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India Has Back-Up Plans In Case Of Complete Iranian Oil Cut-off

Indian refiners are preparing for any scenario in case they won’t be able to import any Iranian crude oil as the United States steps up pressure on countries to bring Iranian exports down to ‘zero’.

One of the largest Iranian customers, Indian Oil Corporation (IOC), is ready for any scenario, and it has a wide basket of alternatives to ensure crude supplies, even if India stops importing Iran’s oil completely, IOC’s Chairman Sanjiv Singh told Bloomberg in an interview published on Monday.

Saudi Arabia could cover most of the current Iranian oil supplies for IOC if India and its refiners were to cut off Tehran crude intake, Singh said, adding that a narrowing spread between Brent Crude and the Dubai oil benchmark gives refiners more options to source reasonably priced crude oil.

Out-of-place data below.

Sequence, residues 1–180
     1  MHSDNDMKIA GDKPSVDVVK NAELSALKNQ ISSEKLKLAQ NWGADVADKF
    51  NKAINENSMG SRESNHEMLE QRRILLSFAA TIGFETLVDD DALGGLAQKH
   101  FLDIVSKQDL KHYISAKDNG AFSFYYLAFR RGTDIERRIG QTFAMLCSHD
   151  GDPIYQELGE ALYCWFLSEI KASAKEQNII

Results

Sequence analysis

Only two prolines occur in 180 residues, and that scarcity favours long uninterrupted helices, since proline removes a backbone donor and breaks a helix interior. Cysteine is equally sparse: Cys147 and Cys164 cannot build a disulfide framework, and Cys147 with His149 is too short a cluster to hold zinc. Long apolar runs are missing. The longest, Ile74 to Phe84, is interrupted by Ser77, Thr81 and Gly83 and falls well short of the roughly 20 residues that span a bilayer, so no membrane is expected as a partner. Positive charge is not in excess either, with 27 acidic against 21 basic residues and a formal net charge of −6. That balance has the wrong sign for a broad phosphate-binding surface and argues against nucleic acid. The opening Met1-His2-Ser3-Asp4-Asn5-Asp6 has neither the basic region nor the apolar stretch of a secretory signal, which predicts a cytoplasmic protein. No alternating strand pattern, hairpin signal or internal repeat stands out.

“We have a very wide crude basket. There’s nothing we can’t procure, there’s nothing we can’t process,” Singh told Bloomberg. “So, even if Iran supplies get disrupted, the supplies to the Indian market will still continue. That’s assured.”

Last week, reports emerged that India’s oil ministry had told local refiners to get ready for a “drastic reduction or zero” oil imports from Iran, a sign that India—Tehran’s second-largest oil customer after China—is bowing to pressure from the U.S. to reduce imports from Iran.

Related: Libya Stops Pumping Oil

In the first weeks after the U.S. withdrawal from the Iran nuclear deal and the re-imposition of sanctions on Tehran, India said that it would continue to import Iranian crude despite U.S. sanctions, because India only honors sanctions imposed by the United Nations, but not ones introduced by individual countries.

In the previous round of sanctions on Iran’s oil, India was one of the few countries that continued to import Iranian oil, albeit at lower volumes because the U.S. and European sanctions at that time were choking most of the banking, shipping, and insurance processes.

This time around India could be forced to cut Iranian imports in order to protect its exposure to the U.S. financial system.

“Our alternative ready-made preference will be Iraq, Saudi Arabia and the UAE due to proximity. But a reasonable price would be the driving force while striking any new crude import deals,” an official working with an Indian refiner told S&P Global Platts on Friday.

By Tsvetana Paraskova for Oilprice.com

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